But Hogan refused to act on the legislation, neither signing his approval, nor vetoing it, though observers point out that a veto might have been worthless anyway because the bill was passed in the legislature with margins large enough––103 to 33 in the House of Delegates; 45 to 2 in the Senate––to be considered veto-proof. Instead, Hogan decided to let the bills run their course and ultimately become law via a technicality.

"[Gov. Hogan] continues to support the safe and responsible development of energy to meet the current and future needs of citizens and to promote job growth in Western Maryland," Hogan's spokesman, Matt Clark, told the Washington Post.

Under the new law, the state will be barred from handing out fracking permits until October 2017, and the Department of the Environment will need to come up with regulations for the practice by October 2016. During that time, proponents say the state will have ample time to fully review the pros and cons of fracking in Maryland, whose natural Marcellus shale formations amount to what Hogan called an "economic gold mine."

"Now we have two years to continue to compile indisputable scientific data," one of the bill's sponsors, Sen. Karen S. Montgomery (D), said in a statement.

Energy industry voices in the state predictably railed against the new legislation, complaining of unnecessary regulatory oversight and touting fracking's demonstrated benefits. "We think it unnecessarily draws out the regulatory process," Drew Cobbs of the Maryland Petroleum Council told the Washington Post. "Most Marylanders are already benefiting from shale development because of lower energy costs and cleaner air. Unfortunately, because of this delay, the folks in Western Maryland who could benefit from natural-gas development will have to wait to take advantage of this safe and proven technology."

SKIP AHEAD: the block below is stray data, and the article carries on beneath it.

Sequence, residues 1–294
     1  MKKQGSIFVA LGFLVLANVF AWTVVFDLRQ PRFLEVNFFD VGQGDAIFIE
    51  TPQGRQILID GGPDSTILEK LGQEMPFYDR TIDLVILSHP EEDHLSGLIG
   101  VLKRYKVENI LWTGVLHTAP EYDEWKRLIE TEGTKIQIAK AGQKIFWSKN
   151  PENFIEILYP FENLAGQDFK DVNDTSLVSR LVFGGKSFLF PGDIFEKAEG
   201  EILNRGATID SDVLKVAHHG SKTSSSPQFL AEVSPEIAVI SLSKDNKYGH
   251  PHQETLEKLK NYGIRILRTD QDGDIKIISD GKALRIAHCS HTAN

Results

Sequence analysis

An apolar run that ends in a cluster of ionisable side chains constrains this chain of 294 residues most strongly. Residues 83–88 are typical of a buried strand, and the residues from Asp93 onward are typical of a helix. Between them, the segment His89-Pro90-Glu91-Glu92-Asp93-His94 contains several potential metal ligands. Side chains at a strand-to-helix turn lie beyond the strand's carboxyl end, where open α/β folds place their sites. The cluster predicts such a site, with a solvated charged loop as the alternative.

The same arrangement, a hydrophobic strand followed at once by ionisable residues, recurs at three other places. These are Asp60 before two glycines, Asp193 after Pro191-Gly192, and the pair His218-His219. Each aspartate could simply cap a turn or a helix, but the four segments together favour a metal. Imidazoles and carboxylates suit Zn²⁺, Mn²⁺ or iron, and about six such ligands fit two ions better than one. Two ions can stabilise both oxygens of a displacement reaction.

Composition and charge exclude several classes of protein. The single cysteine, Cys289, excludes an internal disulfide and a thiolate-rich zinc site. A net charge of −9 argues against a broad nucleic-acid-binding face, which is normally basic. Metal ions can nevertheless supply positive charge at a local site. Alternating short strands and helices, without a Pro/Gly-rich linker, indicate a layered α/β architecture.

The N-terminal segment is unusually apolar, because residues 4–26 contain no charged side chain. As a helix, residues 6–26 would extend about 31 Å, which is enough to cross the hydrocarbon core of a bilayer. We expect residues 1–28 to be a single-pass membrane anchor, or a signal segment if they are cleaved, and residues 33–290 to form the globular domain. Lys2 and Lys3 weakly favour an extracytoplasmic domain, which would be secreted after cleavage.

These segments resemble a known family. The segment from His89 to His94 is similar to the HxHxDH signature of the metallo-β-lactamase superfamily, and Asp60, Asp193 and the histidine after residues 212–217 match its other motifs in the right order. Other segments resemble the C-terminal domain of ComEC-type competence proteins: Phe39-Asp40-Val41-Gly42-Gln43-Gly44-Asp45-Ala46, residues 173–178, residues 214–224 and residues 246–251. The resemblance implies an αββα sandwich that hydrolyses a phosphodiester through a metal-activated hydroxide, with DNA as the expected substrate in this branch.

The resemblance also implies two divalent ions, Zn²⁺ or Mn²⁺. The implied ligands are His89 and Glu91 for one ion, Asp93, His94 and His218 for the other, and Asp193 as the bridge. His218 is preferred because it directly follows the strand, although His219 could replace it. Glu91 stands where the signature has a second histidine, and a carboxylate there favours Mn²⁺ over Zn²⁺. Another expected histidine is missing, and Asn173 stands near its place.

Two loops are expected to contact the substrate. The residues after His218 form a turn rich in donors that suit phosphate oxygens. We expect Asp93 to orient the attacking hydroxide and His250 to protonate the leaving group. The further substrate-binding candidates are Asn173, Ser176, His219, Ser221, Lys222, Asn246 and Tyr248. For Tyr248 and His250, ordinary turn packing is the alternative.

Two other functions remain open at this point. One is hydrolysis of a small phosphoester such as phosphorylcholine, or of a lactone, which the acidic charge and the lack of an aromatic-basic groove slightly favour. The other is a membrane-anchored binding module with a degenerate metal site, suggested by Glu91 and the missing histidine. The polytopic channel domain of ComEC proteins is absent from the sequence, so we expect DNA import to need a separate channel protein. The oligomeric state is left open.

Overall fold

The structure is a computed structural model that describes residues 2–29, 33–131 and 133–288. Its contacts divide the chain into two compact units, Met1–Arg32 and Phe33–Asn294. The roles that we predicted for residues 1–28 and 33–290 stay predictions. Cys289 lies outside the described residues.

But fracking opponents, while acknowledging benefits, see the costs outweighing the benefits, an imbalance environmentalists hope will reveal itself during the state's investigation. Before banning fracking last year, New York state drew on the conclusions of a similarly comprehensive public health and safety study of the industry's effects on its population. "I am relieved and delighted that Governor Hogan will allow mine and Delegate Fraser-Hidalgo's bill for a 2 year moratorium on fracking to become law without his signature," said Sen. Montgomery in a statement.

Former Gov. and 2016 presidential hopeful Martin O'Malley (D) put a de facto ban on fracking with a special commission studying the industry in 2011. The regulations that came out of the commission––including restricting some locations and addressing air pollution and drinking water contamination––have languished on Gov. Hogan's desk since. The new moratorium makes Maryland just the latest state to place a hold on the practice, echoing the concerns lawmakers in other states such as New York and Vermont, where the practice is banned, and in other states such as Florida, Colorado, California, and Michigan, which have seen repeated pushes for similar bans.

It will be interesting to watch how the EPA study will play out, and what effects it might have on states that have moved to ban or restrict the practice. As is usually the case, there will be litigation. 

For more information on the concerns over fracking and its benefits, check out ATTN:'s explainer.